The infant heart fits in the same category for me as the skulls; the HIV positive blood is just a health risk and I don't know if I'd be happy sharing a bus with that camera; what happens in a crash? The use of blood as a red filter is actually pretty cool but what's wrong with blood without pathogens? Not edgy enough for this artist. What next, will he make a camera out of depleted uranium and take pictures of veterans with Gulf War Syndrome?

    I know someone who illegally dug up his own mother's ashes and took them home where they sit on the mantlepiece to this day. I don't have a problem with this although the law does. He did it because he had a genuine connection with this person (not an imagined or commercially convenient connection) and wanted to keep their remains out of the rain and cold. He doesn't use the remains for their ghoulish attraction in promoting his business. I think you can only do that when you have no real connection to the person to whom they once belonged.

    I might be being a little harsh but these pieces have made me feel very angry about the exploitation of body parts for commercial ends, dressing it up as a spiritual endeavour seems duplicit and merely convenient. Reading his AS all I see are references to the artist's connection with the camera, as if the artrist is the centre of all things. No mention at all about the origin of the skulls or any relationship they may have had to photography (of course they probably had none). Art gone mad but good grist for the mill.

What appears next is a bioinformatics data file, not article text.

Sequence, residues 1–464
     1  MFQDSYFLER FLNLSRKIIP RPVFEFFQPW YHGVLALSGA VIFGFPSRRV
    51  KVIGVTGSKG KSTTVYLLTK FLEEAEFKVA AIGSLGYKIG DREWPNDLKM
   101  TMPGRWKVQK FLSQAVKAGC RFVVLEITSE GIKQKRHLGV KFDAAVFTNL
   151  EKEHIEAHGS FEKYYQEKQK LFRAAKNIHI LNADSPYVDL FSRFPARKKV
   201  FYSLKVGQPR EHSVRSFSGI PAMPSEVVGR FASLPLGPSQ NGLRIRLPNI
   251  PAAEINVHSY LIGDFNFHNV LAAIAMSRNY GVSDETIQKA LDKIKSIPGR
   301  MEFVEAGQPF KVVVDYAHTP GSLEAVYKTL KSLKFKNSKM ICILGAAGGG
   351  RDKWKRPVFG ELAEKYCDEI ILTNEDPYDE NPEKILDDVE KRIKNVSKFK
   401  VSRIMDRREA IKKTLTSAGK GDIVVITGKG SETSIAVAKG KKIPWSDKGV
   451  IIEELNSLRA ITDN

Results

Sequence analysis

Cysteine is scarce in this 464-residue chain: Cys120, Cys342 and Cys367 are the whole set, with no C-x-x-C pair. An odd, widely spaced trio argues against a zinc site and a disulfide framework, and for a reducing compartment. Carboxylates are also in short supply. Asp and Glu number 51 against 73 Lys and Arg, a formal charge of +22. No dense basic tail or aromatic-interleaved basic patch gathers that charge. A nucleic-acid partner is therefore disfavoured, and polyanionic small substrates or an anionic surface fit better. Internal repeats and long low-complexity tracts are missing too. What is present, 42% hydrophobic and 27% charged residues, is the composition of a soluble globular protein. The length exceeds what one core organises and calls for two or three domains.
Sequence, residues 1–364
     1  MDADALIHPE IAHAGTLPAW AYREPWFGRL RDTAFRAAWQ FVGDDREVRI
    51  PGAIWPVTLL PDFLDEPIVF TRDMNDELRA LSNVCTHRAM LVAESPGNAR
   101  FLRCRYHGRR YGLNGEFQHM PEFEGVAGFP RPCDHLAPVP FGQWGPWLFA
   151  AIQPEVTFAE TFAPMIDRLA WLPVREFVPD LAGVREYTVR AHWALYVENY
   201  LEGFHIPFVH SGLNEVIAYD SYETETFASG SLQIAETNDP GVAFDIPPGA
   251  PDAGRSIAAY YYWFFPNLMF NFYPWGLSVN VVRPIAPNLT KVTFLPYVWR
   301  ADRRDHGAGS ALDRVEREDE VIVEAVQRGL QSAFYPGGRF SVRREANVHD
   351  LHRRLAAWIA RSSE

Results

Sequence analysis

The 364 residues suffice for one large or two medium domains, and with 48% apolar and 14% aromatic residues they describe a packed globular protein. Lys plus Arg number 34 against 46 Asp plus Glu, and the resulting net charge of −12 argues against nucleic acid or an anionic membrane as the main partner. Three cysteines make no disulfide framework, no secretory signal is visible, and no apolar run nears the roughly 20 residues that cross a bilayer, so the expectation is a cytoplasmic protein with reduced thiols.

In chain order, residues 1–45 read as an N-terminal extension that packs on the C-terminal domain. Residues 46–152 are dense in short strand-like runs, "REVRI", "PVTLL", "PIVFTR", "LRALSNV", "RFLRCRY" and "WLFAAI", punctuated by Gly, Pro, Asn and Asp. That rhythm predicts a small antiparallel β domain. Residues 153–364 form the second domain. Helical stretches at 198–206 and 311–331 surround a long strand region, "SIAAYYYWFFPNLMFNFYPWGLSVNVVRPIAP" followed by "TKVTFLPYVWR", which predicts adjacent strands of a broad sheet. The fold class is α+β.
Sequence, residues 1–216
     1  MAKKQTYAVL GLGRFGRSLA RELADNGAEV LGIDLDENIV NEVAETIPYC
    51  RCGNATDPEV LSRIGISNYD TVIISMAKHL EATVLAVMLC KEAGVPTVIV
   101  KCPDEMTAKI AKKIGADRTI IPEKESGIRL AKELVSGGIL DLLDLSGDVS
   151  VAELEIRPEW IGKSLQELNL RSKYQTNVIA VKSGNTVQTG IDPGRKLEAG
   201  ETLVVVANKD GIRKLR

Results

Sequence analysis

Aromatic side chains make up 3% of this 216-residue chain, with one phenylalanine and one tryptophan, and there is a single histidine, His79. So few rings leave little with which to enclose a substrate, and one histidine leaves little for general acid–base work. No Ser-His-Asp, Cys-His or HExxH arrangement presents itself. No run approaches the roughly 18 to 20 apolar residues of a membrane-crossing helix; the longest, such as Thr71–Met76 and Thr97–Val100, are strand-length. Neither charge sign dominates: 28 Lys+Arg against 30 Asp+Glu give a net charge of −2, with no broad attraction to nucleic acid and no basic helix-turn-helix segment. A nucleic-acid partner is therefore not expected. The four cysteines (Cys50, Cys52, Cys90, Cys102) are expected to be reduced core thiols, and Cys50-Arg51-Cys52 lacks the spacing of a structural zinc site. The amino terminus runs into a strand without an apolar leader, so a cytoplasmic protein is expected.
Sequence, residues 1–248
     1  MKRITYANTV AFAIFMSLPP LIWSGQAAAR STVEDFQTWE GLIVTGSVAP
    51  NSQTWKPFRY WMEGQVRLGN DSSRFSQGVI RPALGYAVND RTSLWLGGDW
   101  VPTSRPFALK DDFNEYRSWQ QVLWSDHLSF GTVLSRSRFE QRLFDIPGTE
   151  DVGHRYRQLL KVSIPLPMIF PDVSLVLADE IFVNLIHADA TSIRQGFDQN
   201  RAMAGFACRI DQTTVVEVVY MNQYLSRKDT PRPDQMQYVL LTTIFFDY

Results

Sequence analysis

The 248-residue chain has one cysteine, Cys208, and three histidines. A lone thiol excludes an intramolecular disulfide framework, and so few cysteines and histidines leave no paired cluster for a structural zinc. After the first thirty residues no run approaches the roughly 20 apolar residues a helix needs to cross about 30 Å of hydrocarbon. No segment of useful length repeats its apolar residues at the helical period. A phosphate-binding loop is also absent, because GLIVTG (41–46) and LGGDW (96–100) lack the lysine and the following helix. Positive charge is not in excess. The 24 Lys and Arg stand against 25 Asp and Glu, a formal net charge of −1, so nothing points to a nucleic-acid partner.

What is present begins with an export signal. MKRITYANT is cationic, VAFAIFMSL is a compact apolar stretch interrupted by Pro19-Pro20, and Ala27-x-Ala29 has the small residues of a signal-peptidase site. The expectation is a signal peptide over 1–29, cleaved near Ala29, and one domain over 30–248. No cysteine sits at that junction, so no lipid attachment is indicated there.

Last edited by Matthew Gorringe; 04-09-2008 at 01:11 AM. Click to view previous post history. Reason: Laying the boot in a bit more.
    Matt Gorringe

  10. #20
    Curt's Avatar
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    I don't like the skull, but the French have bone tours, it isn't really much different than anything in Sci Fi movies. If the HIV camera and photographs do some good by focusing on problems and solutions then fine. Putting insects and objects isn't new, look at string ties with scorpions in them or rattlesnake rattlers. If you go to an art museum you will find the boundaries are often pushed way beyond what you might expect. I'm not a fan of putting human parts in a camera, that's my view. I wouldn't take one of those cameras on a plane or out of the country.

    What would you think of a bellows made from human skin?

    It makes you think doesn't it?
    Everytime I find a film or paper that I like, they discontinue it. - Paul Strand - Aperture monograph on Strand